About Us | Help Videos | Contact Us | Subscriptions

Soil Science Society of America Journal Abstract - Soil & Water Management & Conservation

No-Till Corn/Soybean Systems Including Winter Cover Crops


This article in SSSAJ

  1. Vol. 70 No. 6, p. 1936-1944
    Received: Oct 17, 2005

    * Corresponding author(s): gbollero@uiuc.edu
Request Permissions

  1. M. B. Villamila,
  2. G. A. Bollero *a,
  3. R. G. Darmodyb,
  4. F. W. Simmonsb and
  5. D. G. Bullocka
  1. a Crop Science Dep., University of Illinois, Urbana, IL 61801
    b Natural Resources and Environmental Sciences Dep., University of Illinois, Urbana, IL 61801


The use of winter cover crops (WCC) such as hairy vetch (Vicia villosa Roth) and cereal rye (Secale cereale L.), in a corn (Zea mays L.)–soybean [Glycine max (L.) Merr.] rotation provides long-term benefits that are generally overlooked. There is a particular lack of information regarding the effects of WCC on soil physical and chemical properties. The objective of this study was to assess the effects of four crop sequences (C/S, corn-fallow/soybean-fallow; C-R/S-R, corn-rye/soybean-rye; C-R/S-V, corn-rye/soybean-vetch; and C-R/S-VR, corn-rye/soybean-vetch and rye) under no-till on several soil physical and chemical properties. Soil chemical properties included soil organic matter (SOM), pH, total nitrogen (TN), nitrates (NO3–N), and available phosphorus (P). The analyzed soil physical properties analyzed were: water-aggregate stability (WAS), bulk density (Db), penetration resistance (PR), total porosity (TP), pore-size distribution, water retention properties, and saturated hydraulic conductivity (K sat). The experimental design was a split-split-plot where whole-plot treatments (sampling period) had a Latin square design and subplot treatments (crop sequences) were arranged in a randomized complete block design with four replications. Compared with winter fallow, crop sequences that included WCC provided substantial benefits from the soil productivity standpoint. Specifically, the use of the C-R/S-V or C-R/S-VR increased SOM down to 30 cm. All WCC sequences improved WAS with increases of 9, 13, and 17% for C-R/S-R, C-R/S-V, and C-R/S-VR, respectively. Winter cover crop sequences reduced Db and PR of the soil surface and increased total and storage porosity along with plant available water. While the C-R/S-V sequence was the most effective in reducing soil NO3–N, the C-R/S-R sequence was the most effective in fixing soil P.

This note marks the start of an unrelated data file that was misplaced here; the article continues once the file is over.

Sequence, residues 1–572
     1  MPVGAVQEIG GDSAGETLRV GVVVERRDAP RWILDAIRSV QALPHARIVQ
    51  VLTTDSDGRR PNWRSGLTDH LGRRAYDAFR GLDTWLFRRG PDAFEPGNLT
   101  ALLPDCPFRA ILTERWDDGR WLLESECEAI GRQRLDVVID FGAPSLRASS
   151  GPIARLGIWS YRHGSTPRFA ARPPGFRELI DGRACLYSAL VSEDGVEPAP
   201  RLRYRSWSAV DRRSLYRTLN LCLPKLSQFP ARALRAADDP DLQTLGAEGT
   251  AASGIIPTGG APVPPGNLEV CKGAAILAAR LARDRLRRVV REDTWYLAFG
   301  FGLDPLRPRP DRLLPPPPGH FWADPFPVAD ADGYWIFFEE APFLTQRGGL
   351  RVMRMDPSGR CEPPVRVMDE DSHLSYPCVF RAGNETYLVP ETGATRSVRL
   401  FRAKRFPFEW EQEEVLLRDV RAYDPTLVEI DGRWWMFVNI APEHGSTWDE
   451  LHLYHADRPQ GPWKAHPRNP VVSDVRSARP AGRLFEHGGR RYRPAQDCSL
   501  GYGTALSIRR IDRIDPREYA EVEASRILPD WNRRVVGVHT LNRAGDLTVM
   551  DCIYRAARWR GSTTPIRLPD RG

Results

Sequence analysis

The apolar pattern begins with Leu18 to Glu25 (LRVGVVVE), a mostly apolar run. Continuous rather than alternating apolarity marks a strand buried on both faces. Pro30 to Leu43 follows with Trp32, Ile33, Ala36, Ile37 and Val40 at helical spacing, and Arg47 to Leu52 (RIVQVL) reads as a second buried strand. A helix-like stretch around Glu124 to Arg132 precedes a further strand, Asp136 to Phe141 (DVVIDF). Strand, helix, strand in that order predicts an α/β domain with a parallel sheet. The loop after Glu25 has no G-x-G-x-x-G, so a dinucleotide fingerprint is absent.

Please view the pdf by using the Full Text (PDF) link under 'View' to the left.

Copyright © 2006. Soil Science SocietySoil Science Society of America